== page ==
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'That music goes straight to my heart'   Print

by Guy Dixon
Toronto Globe and Mail
January 29, 2007

GUY DIXON listens in as artists gather to salute the sounds of the timeless Joni Mitchell and other celebrated homegrown talents

James Taylor first heard Joni Mitchell's music while sitting in the Beatles' Apple offices in London.

You can imagine the scene. The man who most epitomizes the image of a singer-songwriter was with Derek Taylor, press officer for the Beatles, as they put on her album. Paul McCartney and George Harrison listened, too.

It was rock royalty listening to a young singer about to join their ranks. He then met Ms. Mitchell at the 1969 Mariposa Folk Festival on Toronto Island. (Or was it 1970 or '71, he later wondered. "Things were hazy for me in those days," he said).

"So yeah, you can say that her music is definitely tied up with some of the most important moments of my life," Mr. Taylor said at a dinner Saturday night before last night's gala performance in Toronto for this year's Canadian Songwriters Hall of Fame inductees.

Although a number of songwriters and individual songs were being inducted, it was a weekend devoted to Ms. Mitchell -- who considers Saskatoon her hometown -- and five of her most famous songs.

"And then of course," Mr. Taylor added, tall and gaunt as ever, but with crystalline-clarity in his eyes, "in '71, we spent a year together really, almost all the time, and made a lot of music together. For me, that music goes straight to my heart."

Countless people have had that kind of close connection with Ms. Mitchell, 63, without ever having seen her in person or in concert. And this weekend, the reclusive artist who lives in California wasn't about to change her habits by coming out and suddenly making a public splash. By all accounts, she enjoyed the weekend and the tribute. Accepting her induction award on stage yesterday at Toronto's John Bassett Theatre, she appeared on the verge of tears, but then joked how she's been told she has a scientific rather than creative mind.

"I need to explore and discover . . . It's just in my stars. There's nothing I can do about it," she said modestly, during her short thank you speech.

Similarly, at Saturday's dinner, TV cameras lined the entrance carpet leading to a banquet room at the King Edward Hotel. Ms. Mitchell arrived at the last minute, breezed by and gave the simplest, open-armed gesture to the cameras.

In addition to Mr. Taylor playing Woodstock, others performing her songs last night included Chaka Khan and Herbie Hancock playing Help Me (and sent Ms. Mitchell's feet bouncing, her hands constantly pounding her knees and basically grooving in her seat) and Measha Brueggergosman singing Both Sides Now. The other two songs of Ms. Mitchell's inducted last night included Big Yellow Taxi and You Turn Me On, I'm A Radio.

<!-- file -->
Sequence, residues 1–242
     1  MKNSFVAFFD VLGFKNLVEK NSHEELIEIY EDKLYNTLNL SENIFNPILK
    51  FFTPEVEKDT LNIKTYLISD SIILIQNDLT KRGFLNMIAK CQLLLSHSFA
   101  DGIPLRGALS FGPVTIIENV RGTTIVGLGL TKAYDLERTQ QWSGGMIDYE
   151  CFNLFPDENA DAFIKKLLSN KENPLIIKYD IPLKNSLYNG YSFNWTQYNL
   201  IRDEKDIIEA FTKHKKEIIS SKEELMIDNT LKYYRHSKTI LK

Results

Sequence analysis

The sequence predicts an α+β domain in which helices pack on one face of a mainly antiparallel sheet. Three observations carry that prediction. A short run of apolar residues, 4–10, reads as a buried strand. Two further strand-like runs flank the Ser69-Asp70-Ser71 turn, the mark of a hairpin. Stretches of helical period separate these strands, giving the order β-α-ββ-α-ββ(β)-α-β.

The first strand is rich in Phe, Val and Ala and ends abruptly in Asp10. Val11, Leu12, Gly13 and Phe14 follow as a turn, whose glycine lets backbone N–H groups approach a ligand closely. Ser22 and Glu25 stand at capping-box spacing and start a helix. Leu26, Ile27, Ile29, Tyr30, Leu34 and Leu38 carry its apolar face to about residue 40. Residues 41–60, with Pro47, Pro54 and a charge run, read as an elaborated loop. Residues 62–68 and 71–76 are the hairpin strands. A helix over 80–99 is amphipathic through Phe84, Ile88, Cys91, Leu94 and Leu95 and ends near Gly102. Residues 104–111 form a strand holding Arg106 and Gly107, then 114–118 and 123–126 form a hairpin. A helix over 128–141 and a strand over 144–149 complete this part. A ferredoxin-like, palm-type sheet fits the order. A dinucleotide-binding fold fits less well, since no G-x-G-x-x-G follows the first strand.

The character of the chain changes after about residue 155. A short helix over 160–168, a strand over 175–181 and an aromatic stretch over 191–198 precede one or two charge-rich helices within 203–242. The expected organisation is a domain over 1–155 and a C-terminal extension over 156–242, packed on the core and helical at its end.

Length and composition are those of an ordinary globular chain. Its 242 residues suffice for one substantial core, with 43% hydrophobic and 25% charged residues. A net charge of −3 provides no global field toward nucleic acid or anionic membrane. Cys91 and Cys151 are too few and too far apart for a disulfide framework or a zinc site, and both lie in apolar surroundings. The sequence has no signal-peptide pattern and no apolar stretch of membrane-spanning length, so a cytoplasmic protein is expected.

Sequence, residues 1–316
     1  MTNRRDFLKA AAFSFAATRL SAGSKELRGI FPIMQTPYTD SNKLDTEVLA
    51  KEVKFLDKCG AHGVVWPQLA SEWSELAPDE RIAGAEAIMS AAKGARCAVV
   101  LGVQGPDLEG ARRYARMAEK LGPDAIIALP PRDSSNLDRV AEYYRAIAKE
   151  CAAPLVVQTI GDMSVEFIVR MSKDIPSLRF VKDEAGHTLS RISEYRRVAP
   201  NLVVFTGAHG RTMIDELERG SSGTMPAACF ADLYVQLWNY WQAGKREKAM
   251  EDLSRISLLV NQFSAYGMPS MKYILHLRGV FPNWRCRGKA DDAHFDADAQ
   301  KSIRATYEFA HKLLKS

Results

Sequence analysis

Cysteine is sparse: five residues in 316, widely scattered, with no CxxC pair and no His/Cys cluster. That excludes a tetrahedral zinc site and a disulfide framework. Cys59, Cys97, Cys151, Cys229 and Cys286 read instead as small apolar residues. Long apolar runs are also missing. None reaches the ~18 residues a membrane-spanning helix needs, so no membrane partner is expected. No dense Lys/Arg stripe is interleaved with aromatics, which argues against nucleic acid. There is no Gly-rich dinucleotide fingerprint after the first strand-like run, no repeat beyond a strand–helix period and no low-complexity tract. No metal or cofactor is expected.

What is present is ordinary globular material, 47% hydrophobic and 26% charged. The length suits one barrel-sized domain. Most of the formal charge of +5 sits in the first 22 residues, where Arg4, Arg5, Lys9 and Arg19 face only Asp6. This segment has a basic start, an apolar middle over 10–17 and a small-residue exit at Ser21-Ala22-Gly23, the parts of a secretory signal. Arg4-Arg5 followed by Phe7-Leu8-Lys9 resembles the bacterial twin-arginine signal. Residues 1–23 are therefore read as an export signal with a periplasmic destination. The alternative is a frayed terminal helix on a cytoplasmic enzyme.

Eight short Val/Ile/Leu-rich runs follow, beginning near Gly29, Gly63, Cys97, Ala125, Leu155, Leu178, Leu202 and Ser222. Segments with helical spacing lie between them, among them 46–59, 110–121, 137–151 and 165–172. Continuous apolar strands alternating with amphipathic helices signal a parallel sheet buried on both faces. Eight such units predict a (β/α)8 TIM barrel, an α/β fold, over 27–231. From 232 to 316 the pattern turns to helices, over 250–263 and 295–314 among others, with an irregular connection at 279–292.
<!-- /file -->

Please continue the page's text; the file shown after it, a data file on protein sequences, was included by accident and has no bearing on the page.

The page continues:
"My junior high-school teacher is a huge Joni Mitchell fan and would play her during class. So that was my introduction to her. But she is the soundtrack to many people's lives actually," Ms. Brueggergosman said at the Saturday night reception.

Commenting on her musical legacy before the ceremony, Mr. Taylor added, "I, like everybody else, have such feelings over time for Joni and her music. In my case, with our long-lasting and deep friendship, there was no question I wanted to be here."

Last night's other inductees included Quebec singer-songwriter Jean-Pierre Ferland and a number of his songs (such as Je reviens chez nous and Le petit roi), early Broadway composer Raymond Egan (Ain't We Got Fun and Sleepy Time Gal), country singer Wilf Carter (My Old Canadian Home, My Swiss Moonlight Lullaby and There's a Love Knot in my Lariat), plus a number of individual songs such as David Clayton-Thomas's Spinning Wheel.

As the singers -- including Michael Bublé who sang How About You? -- performed their numbers, a question lingered over the event. Once songs such as these become so legendary, do they effectively belong to everyone, with artists losing possession of them?

"Ideally, a handful of songs that one has written over a lifetime of writing songs will resonate so much with people that they mean a lot, that they are commonly held property," Mr. Taylor said.

"They mean so much to so many people that they become, certainly with a number of Joni's songs, part of the cultural fabric and contribute to the modern cultural myth that people use to assemble their own lives."

Folk singer Sylvia Tyson, whose song You're On My Mind was inducted last night, added, "I don't think you lose possession of them. Certainly it's gratifying that so many people love those songs that we've written. But those songs are our kids. Even when they grow up and go away, you never really fall out of love with them."

 

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